The term “fitna” is often used as a weapon against women, a way to silence us, to afford minimal space for us, keep us out of the public sphere, financially dependent, and hidden. But can this interpretation really be the intentions of the ḥadîth in question?
Written by Theresa Corbin and originally posted onAljumuah.com
You are fitna! If you’re a Muslim woman, it’s likely that you have heard this a thousand times. You might have even been convinced that your own existence is somehow bad or the cause of evil or misguidance (which is essentially what fitna means).
“Women are Fitna” has unfortunately turned into a blanket statement and a kind of religious manipulation to keep women from participating in, well, pretty much everything including their own lives.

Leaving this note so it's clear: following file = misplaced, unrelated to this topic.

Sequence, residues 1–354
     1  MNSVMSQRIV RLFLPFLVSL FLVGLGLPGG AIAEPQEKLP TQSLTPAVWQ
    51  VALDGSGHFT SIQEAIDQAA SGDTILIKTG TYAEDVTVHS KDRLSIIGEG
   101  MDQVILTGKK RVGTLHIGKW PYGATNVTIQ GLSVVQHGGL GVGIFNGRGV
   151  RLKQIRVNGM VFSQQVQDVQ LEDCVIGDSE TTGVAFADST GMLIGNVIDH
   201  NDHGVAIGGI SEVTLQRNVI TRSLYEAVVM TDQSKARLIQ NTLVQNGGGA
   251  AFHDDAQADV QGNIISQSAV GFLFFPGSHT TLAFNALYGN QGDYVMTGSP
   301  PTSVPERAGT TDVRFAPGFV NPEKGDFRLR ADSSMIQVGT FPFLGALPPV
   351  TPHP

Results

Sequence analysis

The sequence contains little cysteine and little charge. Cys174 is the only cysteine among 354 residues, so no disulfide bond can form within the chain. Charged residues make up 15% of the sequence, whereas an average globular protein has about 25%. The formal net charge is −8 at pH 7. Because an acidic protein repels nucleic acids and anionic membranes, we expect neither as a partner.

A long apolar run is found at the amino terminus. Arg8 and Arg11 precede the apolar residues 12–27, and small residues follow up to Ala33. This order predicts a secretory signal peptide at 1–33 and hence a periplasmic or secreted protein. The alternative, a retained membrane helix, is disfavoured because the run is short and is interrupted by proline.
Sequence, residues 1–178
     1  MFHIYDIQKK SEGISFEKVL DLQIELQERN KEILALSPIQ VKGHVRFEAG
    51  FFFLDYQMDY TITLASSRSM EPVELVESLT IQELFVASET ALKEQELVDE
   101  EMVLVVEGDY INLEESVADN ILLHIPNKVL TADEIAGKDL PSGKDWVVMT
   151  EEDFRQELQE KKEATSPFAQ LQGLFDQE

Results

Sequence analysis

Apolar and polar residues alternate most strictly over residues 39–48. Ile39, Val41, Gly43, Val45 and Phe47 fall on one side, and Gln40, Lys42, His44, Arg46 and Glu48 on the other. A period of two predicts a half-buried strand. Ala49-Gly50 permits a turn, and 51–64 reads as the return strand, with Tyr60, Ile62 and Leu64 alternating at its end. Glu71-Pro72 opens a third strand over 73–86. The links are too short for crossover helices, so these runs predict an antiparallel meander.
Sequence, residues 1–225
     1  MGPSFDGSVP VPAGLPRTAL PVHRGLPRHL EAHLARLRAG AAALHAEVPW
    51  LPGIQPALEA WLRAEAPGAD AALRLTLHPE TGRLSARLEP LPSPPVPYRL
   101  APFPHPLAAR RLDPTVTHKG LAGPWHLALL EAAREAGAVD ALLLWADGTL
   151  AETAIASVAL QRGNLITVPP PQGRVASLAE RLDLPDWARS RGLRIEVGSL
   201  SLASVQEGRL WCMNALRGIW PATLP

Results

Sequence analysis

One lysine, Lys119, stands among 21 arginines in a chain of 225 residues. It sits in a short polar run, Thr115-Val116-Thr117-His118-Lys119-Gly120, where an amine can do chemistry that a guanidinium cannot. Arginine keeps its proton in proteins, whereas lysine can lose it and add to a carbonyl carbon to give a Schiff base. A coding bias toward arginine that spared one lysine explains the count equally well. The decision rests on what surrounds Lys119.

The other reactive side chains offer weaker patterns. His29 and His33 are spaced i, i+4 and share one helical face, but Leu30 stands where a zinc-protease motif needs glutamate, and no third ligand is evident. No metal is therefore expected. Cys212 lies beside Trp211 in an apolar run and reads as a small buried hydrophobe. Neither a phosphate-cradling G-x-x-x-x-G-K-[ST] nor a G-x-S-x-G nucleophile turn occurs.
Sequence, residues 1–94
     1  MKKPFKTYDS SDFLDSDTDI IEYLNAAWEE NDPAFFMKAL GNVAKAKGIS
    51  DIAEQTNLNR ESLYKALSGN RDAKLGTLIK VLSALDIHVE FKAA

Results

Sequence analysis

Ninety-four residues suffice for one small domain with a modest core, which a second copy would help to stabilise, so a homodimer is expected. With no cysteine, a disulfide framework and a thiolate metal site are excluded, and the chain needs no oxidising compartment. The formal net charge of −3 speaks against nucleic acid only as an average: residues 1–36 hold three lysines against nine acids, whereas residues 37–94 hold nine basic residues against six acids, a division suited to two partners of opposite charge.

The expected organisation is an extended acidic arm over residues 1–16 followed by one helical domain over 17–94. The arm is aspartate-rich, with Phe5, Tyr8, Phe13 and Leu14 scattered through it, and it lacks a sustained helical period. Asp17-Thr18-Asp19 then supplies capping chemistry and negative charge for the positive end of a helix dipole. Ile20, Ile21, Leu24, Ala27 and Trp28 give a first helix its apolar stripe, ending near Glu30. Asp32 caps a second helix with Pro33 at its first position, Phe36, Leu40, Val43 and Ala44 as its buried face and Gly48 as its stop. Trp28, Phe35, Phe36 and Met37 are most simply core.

Much of what Muslim women face in terms of oppression is because many misunderstand the meaning of one particular ḥadîth(a saying of the Prophet Muhammad [PBUH]):
I have not left behind me any fitna more harmful to men than women. (Bukhâri)
And this misinterpretation plays out in very real and destructive ways in Muslim women’s lives.
Fitna in Driving?
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